this convention right. Furthermore, once you put the water, the sauce in the pan, the liquid in the pan starts moving around in pieces kind of me
being energy around, that's called convection and then, finally, when it gets hot enough that you put your hand over the past ten and then you have the sauce. That's radiating heat out onto your hand, so that kind of convection, conduction and radiation is exactly what happens inside the sun. The way that energy comes out of the sun is first radiating from the nuclear powered core thermonuclear powered corps,
then out convicting in the interior of the sun and then being eventually radiated out past the surface to the earth to our faces, which then can touch other things and then conductor
you anything with thin apparent joint, so daring errand ascii made may tackle big questions about earth and injured, but he had a question for me
about the moon, was it out the buddhist peace, the arthritis, mostly guess so,
Why is it all agree? The question is: if earth didn't have life, what color would it be? Maybe that
what you should ask okay, so so the moon is made of mostly of the material that is earth's crust right across the mantle and are best ideas or that there is a early in the solar system is a collision between a sort of approach, our planet and earth and its side swipes earth right and if you side, swipe, earth and earth has already separated out its ingredients, they heavy things had fallen to the Middle EAST where we have an iron core. We ve all heard this. Maybe you didn't think through why
So there's a point when earth was molten right when you're molten heavy stuff goes false and lighter stuff floats rife, so the iron goes to the middle. The lighter stuff, such as what we call the silicates, which makes rock goes to that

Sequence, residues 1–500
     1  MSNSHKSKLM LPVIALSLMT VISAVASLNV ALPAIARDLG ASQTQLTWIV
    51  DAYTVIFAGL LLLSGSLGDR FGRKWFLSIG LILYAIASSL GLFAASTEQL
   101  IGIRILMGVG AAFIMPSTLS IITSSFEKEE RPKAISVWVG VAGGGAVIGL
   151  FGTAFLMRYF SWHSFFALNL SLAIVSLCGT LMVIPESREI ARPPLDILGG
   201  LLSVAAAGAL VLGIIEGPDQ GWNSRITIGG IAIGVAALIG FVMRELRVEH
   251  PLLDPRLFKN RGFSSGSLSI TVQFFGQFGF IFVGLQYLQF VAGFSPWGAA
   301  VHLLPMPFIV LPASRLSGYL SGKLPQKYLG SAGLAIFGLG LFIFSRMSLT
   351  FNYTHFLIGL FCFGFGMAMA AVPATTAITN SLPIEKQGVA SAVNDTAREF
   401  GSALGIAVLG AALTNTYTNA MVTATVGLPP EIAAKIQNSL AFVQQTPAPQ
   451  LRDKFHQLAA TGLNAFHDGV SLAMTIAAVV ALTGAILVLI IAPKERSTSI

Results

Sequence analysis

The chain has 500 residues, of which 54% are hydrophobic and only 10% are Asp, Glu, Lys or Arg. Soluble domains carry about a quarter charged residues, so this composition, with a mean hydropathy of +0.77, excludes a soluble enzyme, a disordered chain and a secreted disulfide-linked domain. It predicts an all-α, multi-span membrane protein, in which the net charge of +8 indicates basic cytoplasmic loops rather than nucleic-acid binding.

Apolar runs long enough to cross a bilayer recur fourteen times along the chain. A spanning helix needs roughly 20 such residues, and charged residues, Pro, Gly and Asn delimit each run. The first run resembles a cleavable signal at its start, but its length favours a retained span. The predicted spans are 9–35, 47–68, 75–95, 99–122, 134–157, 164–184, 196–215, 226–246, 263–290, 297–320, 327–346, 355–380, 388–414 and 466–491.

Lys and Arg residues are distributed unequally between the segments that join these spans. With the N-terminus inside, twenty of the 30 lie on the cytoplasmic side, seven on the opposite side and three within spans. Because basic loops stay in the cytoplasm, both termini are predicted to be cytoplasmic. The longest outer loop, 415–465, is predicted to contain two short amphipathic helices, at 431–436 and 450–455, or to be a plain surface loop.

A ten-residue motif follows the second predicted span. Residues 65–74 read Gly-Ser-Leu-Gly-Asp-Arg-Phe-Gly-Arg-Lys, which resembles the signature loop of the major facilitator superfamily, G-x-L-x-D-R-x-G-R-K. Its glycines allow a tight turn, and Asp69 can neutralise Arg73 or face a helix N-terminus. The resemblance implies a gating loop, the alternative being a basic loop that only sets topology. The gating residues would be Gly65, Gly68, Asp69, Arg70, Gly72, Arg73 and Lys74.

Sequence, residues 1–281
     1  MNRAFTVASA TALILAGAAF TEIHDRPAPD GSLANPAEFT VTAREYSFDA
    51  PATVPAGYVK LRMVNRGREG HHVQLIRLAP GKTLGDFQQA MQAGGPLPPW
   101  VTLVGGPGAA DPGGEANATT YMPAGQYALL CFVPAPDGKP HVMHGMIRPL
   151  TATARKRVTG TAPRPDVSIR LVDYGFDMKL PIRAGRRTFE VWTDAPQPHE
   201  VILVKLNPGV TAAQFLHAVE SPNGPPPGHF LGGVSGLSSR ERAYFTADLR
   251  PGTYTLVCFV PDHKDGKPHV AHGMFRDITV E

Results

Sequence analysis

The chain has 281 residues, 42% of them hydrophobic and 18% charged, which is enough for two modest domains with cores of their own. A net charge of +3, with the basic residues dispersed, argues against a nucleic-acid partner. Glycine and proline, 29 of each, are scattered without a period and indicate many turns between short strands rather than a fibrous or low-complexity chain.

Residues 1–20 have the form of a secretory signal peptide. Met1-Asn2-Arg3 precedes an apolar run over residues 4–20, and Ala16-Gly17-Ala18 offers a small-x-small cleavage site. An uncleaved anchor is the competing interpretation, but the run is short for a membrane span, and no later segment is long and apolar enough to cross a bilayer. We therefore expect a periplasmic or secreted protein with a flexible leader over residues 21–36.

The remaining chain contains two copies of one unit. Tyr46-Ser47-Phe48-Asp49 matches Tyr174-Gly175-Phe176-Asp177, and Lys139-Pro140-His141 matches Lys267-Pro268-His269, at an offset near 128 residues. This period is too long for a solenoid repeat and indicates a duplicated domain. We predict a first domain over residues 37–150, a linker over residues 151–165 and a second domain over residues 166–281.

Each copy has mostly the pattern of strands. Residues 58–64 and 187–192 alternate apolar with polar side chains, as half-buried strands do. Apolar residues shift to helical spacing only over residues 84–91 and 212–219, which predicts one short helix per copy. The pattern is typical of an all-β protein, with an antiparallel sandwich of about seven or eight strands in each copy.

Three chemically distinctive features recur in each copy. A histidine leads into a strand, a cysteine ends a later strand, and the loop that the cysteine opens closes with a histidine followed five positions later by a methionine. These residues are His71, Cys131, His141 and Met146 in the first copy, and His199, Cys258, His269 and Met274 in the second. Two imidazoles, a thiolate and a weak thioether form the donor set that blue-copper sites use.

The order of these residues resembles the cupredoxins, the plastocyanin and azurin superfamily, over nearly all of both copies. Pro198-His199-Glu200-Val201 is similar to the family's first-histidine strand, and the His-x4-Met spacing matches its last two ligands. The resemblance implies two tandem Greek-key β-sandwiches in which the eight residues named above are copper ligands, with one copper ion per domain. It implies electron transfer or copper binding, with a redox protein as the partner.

surface right and now something sites wife's us is not reaching into the core to get it. So you have all of these silicates in
We think we might have had a ring right, Saturn,
ring for awhile briefly Fund would have been totally at so people ask me if I were to go back
time what I wanted. We need to see the rain visit. I want to see the formation of a move that it take me back, we'll be at a safe spot, everything, clunker popcorn and watching that so its side swipes, you get a ring, the ring, the colossus and it's a it's. It's a dog eat dog, so the bigger the chunk of matter, the more gravity it has, the more rapidly than a creates, a wins out very quickly and unstable system, and then you get the moon earth would look like that. If we don't have
weathering. If we didn't have life, if we didn't have the weathering hides the evidence right that you ve been hit right ends,
the moon was no atmosphere. You get hit is gonna, be
a billion years from night. So that's why we don't look like some interesting
I wonder if the social Affairs had their own questions on this very topic. It means is the time for cars
Well, you can pull your impression ideal, Renee Douglas from Pittsburgh. Once you know what actually defines a moon,